assets the government could take from $1, 513, 378.82 to $1,
appealed to this Court, challenging the initial seizure of
her assets, the validity of her conviction, and the
forfeiture orders. See Chittenden, 848 F.3d at 192.
Specifically, she argued that the government's pretrial
seizure of her assets violated her Sixth Amendment right to
counsel, that the government failed to present sufficient
evidence to support her convictions, that the district court
erred in admitting certain hearsay evidence, that the
government constructively amended the indictment, that the
district court lacked jurisdiction to enter the forfeiture
order, and that the district court improperly ordered
forfeiture of her untainted assets based on her
co-conspirators' acts of dissipating the conspiracy
proceeds. Id. at 194-204. We rejected each of these
arguments and affirmed the district court's judgment.
Id. Chittenden petitioned the Supreme Court for
our decision, the Supreme Court decided Honeycutt v.
United States, 137 S.Ct. 1626 (2017). The Court held
that 21 U.S.C. § 853(a)(1)-which mandates forfeiture of
proceeds from certain drug crimes-limits such forfeiture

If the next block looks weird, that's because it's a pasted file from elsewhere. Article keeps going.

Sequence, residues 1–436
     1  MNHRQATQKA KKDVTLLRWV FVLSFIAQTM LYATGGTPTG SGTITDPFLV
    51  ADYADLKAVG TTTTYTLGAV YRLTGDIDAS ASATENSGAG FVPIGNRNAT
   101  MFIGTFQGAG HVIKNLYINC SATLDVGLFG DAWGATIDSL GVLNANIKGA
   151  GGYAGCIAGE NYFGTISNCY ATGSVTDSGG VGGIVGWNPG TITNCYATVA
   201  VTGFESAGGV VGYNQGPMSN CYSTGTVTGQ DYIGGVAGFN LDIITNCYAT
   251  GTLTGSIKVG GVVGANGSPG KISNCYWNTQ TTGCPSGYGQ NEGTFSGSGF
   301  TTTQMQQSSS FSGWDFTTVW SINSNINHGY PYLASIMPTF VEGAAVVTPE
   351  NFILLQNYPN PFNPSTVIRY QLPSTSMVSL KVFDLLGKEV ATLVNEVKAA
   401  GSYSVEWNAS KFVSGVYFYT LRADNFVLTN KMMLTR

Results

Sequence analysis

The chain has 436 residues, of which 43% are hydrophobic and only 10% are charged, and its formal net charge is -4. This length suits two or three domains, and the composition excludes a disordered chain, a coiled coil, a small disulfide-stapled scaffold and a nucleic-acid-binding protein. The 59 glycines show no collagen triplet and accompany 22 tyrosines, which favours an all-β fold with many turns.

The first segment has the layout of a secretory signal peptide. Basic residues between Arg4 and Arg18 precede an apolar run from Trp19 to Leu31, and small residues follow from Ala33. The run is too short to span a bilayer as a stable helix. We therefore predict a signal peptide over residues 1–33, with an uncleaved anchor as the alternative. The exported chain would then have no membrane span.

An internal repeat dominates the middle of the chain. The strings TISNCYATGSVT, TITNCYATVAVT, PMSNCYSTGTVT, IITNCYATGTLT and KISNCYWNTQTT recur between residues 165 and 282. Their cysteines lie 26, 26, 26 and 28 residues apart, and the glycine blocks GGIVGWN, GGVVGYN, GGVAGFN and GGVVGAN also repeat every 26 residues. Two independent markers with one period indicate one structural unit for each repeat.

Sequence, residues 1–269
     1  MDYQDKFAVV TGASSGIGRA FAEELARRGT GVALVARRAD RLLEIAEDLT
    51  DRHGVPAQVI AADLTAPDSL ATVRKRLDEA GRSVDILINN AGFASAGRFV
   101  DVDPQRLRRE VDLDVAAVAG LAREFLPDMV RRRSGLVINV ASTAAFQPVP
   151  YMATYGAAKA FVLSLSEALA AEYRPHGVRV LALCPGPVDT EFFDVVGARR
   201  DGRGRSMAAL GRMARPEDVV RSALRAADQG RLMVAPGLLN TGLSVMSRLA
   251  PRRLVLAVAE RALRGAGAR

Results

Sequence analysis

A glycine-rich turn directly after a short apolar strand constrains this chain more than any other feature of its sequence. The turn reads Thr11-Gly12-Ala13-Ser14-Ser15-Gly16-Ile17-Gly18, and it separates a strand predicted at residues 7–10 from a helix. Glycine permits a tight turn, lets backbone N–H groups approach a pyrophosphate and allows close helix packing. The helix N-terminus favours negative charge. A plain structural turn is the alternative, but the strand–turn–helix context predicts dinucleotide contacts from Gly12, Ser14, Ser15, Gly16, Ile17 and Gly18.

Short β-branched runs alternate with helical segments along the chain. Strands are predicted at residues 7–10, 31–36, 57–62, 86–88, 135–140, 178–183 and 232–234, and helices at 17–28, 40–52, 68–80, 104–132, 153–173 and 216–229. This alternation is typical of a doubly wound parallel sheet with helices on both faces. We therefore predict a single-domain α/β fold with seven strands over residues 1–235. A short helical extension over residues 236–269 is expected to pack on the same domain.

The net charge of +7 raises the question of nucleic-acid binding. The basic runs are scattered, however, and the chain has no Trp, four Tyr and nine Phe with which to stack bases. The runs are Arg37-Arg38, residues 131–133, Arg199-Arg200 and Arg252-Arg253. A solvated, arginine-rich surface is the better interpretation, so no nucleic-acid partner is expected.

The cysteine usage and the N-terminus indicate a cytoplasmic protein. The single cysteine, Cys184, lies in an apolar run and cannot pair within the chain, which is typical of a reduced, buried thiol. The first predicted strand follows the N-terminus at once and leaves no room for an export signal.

"to property the defendant himself actually acquired as
the result of the crime." Id. at 1635.
"[T]he statute does not countenance joint and several
liability" for property the defendant's
co-conspirators alone obtained. Id. at 1632-33. The
Court also stated that when tainted property falls outside
the government's reach, § 853(p) does "not
authorize the Government to confiscate substitute property
from other defendants or co-conspirators; it authorize[s] the
Government to confiscate assets only from the defendant who
initially acquired the property and who bears responsibility
for its dissipation." Id. at 1634.
light of this decision, the Supreme Court granted
Chittenden's writ of certiorari, vacated our original
judgment, and remanded the case to us for further
consideration. Chittenden v. United States, 138
S.Ct. 447, 447-48 (2017) (mem.). We requested supplemental
briefing on what impact, if any, Honeycutt ...